Betsy Rust, Plante Moran

“I’m with the government, and I’m here to help.”

Sense a little irony in that statement?

If so, you won’t be shocked that the federal government is tweaking how it rates nursing homes, but the small changes may pose big problems for some facilities.

Some background: For the past five years, the Centers for Medicare & Medicaid Services has provided a one-to-five star rating for nursing homes that participate in the government programs.

The rating system gives nursing homes a rating in three important categories: nurse staffing, annual inspection results, and  quality measures. The facilities then receive a composite rating combining those categories.

Critics of the system noted that nursing homes had been allowed to self report much of their data, and some facilities may have goosed their ratings.

So, last year, Congress passed “The Improving Medicare Post-Acute Care Transformation Act,” or IMPACT, which, among other things, requires nursing facilities to use staffing data based on “payroll and other verifiable and auditable data” for the rating system, and send the data electronically to the Department of Health and Human Services.

The changes are designed to improve transparency and reduce fraudulent reporting – laudable, consumer-oriented goals, to be sure.

Nursing homes, however, may have difficulty determining what constitutes payroll and staffing data. For example, many facilities utilize temporary staff. Reasons abound for using contract employees: For instance, some facilities may be located in areas where it is difficult to find full-time, trained personnel, and some nurses don’t want a full-time job.

The problem is that these nurses, known as “pool” labor, do not appear on nursing homes’ payroll systems as employees. Instead, the facilities pay the pool provider with a single check.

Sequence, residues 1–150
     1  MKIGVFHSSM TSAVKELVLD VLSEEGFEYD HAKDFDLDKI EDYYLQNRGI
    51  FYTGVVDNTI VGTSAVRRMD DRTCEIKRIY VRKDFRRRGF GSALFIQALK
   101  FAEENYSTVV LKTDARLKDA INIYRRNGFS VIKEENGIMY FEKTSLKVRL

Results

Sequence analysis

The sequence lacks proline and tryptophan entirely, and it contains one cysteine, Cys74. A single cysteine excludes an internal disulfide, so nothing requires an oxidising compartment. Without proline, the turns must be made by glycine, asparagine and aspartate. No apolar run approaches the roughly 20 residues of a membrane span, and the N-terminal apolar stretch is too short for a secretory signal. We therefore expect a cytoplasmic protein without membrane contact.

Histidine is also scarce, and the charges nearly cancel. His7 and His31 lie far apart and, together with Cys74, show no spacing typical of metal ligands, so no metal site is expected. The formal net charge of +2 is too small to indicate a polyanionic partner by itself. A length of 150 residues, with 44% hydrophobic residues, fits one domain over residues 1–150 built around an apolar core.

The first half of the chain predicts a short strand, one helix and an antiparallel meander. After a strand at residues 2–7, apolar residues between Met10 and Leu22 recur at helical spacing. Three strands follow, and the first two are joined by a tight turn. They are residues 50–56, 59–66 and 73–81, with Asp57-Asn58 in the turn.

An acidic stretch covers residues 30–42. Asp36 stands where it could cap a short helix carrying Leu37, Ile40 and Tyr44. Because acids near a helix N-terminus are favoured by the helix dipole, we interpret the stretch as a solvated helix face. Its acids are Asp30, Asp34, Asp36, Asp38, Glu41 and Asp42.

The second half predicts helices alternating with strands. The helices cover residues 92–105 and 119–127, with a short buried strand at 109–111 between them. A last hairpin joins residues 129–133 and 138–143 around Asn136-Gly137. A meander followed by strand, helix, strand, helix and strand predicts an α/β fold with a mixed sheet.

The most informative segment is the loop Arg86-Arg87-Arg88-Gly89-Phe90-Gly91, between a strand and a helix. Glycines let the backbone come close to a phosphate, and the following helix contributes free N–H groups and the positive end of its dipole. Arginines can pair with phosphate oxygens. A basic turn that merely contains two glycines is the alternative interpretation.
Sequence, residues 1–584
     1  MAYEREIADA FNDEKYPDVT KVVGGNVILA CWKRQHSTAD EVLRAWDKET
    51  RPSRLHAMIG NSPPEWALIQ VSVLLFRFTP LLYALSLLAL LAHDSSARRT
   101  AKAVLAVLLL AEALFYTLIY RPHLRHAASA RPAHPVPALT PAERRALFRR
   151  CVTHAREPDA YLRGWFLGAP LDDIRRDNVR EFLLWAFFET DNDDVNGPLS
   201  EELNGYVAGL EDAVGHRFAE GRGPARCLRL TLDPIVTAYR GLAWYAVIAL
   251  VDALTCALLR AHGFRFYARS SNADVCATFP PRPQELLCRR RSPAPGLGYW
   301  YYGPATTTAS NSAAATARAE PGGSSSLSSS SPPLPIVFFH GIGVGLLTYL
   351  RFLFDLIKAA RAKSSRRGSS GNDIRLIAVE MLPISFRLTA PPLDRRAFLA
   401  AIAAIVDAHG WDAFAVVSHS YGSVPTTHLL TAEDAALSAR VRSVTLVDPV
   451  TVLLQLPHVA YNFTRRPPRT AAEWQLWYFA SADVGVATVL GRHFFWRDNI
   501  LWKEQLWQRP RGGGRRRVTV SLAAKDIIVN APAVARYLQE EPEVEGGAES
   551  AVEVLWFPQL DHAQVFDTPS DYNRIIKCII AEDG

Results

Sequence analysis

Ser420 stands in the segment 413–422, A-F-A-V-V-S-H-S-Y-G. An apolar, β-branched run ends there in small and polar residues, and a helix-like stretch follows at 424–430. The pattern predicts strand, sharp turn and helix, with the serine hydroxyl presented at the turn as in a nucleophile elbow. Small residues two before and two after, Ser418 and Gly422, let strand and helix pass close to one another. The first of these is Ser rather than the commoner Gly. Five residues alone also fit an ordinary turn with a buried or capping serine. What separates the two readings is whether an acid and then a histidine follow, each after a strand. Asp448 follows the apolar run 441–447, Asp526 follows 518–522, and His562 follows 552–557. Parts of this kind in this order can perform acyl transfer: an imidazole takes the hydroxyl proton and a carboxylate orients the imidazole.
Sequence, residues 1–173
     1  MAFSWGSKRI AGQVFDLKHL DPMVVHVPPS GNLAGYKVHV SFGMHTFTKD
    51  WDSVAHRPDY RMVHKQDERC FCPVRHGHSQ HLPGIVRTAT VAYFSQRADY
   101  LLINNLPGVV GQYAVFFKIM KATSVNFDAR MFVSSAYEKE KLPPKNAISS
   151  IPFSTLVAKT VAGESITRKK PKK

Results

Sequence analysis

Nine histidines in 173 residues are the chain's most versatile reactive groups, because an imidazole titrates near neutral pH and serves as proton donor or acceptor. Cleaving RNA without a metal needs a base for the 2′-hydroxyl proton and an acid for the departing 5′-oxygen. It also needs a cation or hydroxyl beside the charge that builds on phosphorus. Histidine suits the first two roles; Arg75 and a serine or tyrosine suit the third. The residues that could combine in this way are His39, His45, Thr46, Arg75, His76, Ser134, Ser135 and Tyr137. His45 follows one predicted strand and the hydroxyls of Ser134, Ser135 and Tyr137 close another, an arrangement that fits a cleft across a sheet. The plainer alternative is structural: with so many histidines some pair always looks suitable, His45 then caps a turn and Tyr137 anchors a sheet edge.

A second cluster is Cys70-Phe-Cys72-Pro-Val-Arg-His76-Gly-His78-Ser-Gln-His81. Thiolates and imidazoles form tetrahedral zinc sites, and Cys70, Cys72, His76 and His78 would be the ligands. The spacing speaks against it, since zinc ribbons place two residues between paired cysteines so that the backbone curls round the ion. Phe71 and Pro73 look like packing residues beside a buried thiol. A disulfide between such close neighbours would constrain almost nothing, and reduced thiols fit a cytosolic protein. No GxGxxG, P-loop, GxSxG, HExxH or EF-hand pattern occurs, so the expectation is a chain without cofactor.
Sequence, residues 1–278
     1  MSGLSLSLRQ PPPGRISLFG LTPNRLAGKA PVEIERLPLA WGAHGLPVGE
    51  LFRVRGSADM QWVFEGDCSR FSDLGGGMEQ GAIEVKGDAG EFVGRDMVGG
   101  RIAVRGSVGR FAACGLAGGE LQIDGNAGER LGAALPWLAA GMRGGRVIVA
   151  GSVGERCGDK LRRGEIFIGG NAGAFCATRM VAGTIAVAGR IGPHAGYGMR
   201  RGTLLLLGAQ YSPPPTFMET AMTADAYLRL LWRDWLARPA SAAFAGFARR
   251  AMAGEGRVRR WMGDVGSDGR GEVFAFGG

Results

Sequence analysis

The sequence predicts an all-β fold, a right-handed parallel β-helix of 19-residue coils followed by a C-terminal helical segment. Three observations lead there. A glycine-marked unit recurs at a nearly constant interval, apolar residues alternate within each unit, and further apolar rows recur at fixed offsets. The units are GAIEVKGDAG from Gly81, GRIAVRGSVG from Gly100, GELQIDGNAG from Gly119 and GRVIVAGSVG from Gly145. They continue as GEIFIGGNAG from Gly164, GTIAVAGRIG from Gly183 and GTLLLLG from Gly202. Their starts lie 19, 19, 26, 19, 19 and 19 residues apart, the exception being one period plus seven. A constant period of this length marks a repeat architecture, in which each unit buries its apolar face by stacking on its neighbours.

Thus, it is unclear how nursing homes will account for these employees when the facilities send in their payroll data; the IMPACT law specifies that nursing homes should include agency and contract staff in their reporting.

Another issue is the use of salaried administrative personnel in direct care nursing roles. Take the example of a director of nursing whose job doesn’t count towards the rankings. But if a nurse calls in sick one day, and the director of nursing substitutes on that shift, as often happens, there would be no way to show this through the normal payroll reporting procedure. Facilities that do not properly account for these staffing situations could experience a reduction in the overall five star ranking –  and a drop in stars can have a significant impact on the perceptions of residents, family and managed care payors.   

With the new Payroll Based Journal (PBJ) requirements, the CMS did make a rating system change that should be helpful both to consumers and nursing homes: it now filters out  administrative resources at nursing homes –  as that information may distract from identifying the actual level of hands-on care at the bedside of each facility.

That’s a good start. But a lot of additional guidance and directives are necessary to ensure the end result is an accurate and consistent method of reporting.  Until then, nursing homes may want to strip a star or two from the government’s rating system.

Betsy Rust, CPA, is a consulting partner with Plante Moran‘s senior care and living practice.